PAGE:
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By David Poland

BYOB 41613

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65 Responses to “BYOB 41613”

  1. sanj says:

    watched spring breakers – yeah not bad. i only had a few problems – the Selena Gomez character could have done more.. Franco needed like an extra 5 minutes near the end .. Gomez needed to do more risky stuff in the movie . she was wasted…damn it.

    one thing i found super interesting was how stuff throughout the film was repeated over and over.

    Franco singing Britney’s everytime was pretty good. Franco should get oscar for that.

    weird how 75% theatre is full and everybody is slient during the movie.

    also strange how i had to sit through 5 movie trailers .
    usually its 3. movie theatres are really pushing it .

    i really wanted more surprise guest movie actors in this.

    overall – i see spring breakers showing on mtv ..thats where it belongs.

    also surprised that movie critics aren’t comparing it to God Bless America by Bobcat Goldthwait …

    the pain and gain trailer doesn’t do much for me .. but Michael Bay needs a dp30. i wish super important film critic would ask DP that cause DP never listens to my dp30 requests.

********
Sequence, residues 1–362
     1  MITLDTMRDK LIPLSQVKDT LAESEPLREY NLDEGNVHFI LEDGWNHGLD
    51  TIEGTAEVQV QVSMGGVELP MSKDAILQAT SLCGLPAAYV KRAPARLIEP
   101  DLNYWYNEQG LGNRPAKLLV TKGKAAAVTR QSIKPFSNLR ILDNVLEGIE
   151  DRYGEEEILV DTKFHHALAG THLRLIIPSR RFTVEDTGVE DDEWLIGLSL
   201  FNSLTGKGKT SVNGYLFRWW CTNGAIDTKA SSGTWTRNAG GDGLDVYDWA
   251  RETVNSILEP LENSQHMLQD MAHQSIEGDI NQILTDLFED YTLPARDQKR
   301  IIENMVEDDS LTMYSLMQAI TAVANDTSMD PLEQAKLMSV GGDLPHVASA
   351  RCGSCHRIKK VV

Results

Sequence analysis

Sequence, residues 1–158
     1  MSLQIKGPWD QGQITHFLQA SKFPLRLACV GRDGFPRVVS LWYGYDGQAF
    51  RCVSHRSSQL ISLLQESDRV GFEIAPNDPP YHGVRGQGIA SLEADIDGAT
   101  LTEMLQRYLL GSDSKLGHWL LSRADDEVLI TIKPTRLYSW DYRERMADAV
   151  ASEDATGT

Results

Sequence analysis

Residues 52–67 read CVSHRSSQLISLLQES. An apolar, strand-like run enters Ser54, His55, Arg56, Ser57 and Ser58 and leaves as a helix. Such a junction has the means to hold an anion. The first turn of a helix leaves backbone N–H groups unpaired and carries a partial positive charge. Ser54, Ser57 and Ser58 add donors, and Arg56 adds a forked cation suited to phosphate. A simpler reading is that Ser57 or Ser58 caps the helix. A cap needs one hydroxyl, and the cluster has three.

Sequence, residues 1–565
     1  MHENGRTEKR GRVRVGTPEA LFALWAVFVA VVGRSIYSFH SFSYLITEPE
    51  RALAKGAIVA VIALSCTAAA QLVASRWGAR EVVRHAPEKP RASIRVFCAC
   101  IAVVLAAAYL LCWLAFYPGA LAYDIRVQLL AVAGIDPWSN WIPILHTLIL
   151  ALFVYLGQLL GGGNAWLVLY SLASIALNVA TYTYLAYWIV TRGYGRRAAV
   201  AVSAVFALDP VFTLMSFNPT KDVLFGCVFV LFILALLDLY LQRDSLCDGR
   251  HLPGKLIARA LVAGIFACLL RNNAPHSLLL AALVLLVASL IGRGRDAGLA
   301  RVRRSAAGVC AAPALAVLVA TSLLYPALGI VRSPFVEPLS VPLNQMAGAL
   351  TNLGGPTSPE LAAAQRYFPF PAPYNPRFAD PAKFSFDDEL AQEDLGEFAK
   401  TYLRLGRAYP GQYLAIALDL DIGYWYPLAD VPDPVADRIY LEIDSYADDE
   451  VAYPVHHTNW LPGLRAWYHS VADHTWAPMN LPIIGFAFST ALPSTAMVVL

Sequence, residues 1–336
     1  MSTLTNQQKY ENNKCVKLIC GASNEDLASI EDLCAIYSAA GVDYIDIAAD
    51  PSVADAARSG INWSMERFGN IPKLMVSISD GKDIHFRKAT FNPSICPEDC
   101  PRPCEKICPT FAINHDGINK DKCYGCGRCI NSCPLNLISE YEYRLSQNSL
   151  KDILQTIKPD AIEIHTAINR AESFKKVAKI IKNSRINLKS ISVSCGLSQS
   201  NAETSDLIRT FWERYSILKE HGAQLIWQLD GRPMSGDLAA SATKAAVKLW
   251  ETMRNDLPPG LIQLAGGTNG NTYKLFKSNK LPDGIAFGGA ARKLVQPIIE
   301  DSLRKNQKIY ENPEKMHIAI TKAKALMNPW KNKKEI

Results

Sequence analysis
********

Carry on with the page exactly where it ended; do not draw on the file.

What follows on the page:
2. SamLowry says:

    As promised, my assessment of SKYFALL, but first a story about Debbie Gibson.

    Many years ago, a reporter asked Debbie’s manager if Ms. Gibson would be seeking singing lessons. Although she was already selling millions of records, her vocal skills left room for improvement, to say the least. “Not at all,” the manager essentially replied, because if Debbie sang too well then her fans could no longer imagine themselves in her place, and identification was the key to her success.

    This story came back to me during the opening of SKYFALL. I initially let the hyperactive antics in CASINO ROYALE slide because parkour was the thing back then so what the hey, let them do that brand new thing so we can look back in a few years and laugh. But after more of the same in SKYFALL, culminating in a long drop into a river (after Bond is shot in the chest by a high-powered rifle) where we see him drift to the bottom AND FRICKIN’ DIE, I realized we had gone beyond being able to identify with this spy because “James Bond” is no longer human.

    There is no explanation given for him showing up later, drinking with the locals and their pet scorpion, looking like he was a heartbeat away from helping himself to some unsuspecting tourist’s American Express travelers cheques. He decides to go back home only after seeing his negligible workplace going up in smoke, but once back inside he proves not just to be an understandable mess but rather stunned by his new quartermaster, who offers him two paltry pieces of spy gear that any bloke could order off the internet. Computers are now the way to go…although theirs are hacked rather easily and Q, who prided himself on his mad skillz, seems barely able to keep up.